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World Record For Jenny Thompson
At Short Course Tune Up Meet Before Worlds


Nick Thierry

TORONTO-Jenny Thompson came to win. It was evident that she would make every final swim count. Over the two days of competition she won the 100-200 free, 50-100 fly, and the 100 IM. Her 50 fly time of 26.48 established a new world record (FINA ratified on Dec.16). This was a "soft" record as it was held by Misty Hyman and was her split in the final race of the 100 fly at last April's short course world championships. Hyman finished third in that race.

"I told a couple of my friends jokingly before I came up here that's the one thing I want to do here," Thompson said. "To get that record."

Her exam schedule conflicts with the US Open so this meet is one of the final tune-ups before the worlds.

Thompson is completing pre-med school and hopes to gain acceptance into medical school. She graduated from Stanford in 1995 with a Human Biology degree. She continues to train there, long course in the mornings and short course yards in the afternoon.

Thompson was not the only American ready now for world class times. Lea Maurer (formerly Loveless), 26, is a full-time school teacher and training for the worlds in January with long-time coach John Collins at Badger SC. She was counting the days remaining (41 to her event) and was ready now; her 59.61 in the 100 back is proof. She swam the prelims of the 200 back in 2:08.73 but couldn't stay for finals as she had to fly back to New York and work the next day. A week later she swam 1:01.83 (long course) at the US Open. She is determined to be at her best in January.

American backstroker Lea Maurer
For larger 64k photo click on image. Photo © Marco Chiesa

Cristina Teuscher, also with Badger, won the 200-400 IMs. She swam in an early heat of the 800 free, finishing third. And she would have won the 400 free, after her prelim time of 4:09.49.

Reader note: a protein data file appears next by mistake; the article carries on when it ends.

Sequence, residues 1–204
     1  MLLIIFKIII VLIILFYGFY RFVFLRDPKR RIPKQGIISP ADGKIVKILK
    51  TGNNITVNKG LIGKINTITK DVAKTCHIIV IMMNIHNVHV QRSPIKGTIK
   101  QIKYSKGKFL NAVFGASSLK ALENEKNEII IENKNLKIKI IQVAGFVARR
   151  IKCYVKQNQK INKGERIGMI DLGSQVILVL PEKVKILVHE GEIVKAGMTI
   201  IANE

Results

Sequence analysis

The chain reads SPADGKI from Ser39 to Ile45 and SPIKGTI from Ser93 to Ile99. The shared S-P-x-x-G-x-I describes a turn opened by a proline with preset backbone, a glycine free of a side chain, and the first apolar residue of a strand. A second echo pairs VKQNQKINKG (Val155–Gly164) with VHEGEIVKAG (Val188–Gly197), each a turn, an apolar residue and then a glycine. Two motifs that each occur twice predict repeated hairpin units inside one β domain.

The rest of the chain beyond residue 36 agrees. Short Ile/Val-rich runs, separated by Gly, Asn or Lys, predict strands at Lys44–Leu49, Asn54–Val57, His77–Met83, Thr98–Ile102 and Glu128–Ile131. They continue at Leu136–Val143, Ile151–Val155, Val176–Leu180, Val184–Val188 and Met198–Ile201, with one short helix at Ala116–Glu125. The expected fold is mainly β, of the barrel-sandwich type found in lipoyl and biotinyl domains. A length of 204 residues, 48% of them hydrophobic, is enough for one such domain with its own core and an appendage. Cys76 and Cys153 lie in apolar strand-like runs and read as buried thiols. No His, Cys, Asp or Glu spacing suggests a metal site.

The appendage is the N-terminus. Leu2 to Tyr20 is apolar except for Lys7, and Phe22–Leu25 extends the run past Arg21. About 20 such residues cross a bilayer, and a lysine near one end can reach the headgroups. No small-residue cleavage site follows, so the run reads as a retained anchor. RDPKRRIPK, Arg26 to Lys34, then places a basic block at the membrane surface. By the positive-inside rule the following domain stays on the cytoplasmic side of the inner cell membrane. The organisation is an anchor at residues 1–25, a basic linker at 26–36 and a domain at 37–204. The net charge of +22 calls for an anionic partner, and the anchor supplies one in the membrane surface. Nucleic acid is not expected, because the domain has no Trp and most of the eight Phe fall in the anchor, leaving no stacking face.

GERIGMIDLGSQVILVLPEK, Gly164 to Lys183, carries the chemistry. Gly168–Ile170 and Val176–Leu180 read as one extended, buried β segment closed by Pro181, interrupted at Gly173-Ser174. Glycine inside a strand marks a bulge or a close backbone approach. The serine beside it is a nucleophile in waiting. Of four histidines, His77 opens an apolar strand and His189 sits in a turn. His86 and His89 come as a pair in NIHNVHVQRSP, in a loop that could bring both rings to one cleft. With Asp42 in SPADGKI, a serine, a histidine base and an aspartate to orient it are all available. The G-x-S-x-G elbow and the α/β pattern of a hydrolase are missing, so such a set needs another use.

Canada's World Championship team was present and in varying stages of their preparation. Top prospects like Curtis Myden and Jessica Deglau were in good mid-season shape. Others like Marianne Limpert and Joanne Malar were under a heavier workload.

Myden was second in the 400 free, third in the 200 back, and first with 2:00.86 in his specialty, the 200 IM.

Deglau was third in the 400 free and 100 fly, and first in the 200 fly with a 2:11.39.

Limpert was third in the 100 free, fifth in the 100 breast, and second in both the 100 and 200 IM.

Malar won the 400 free and 800 free with solid in-season times. She was particularly pleased with her 800 time of 8:40.27, a mere three seconds off her best ever.

Andrew Chan, won 200 breaststroke
For larger 64k photo click on image. Photo © Marco Chiesa

Mark Versfeld was impressive with his backstroke wins with 55.50 and 1:58.09, and he added the 100 IM with a 56.87.

The best of the new faces was Kristy Cameron, Huron Hurricanes, with her 1:10.65 and 2:29.37 breaststroke times. She made giant steps since last spring, when her best times were 1:14.13 and 2:38.72.

The format of the meet followed the World Cup order of events over two days.

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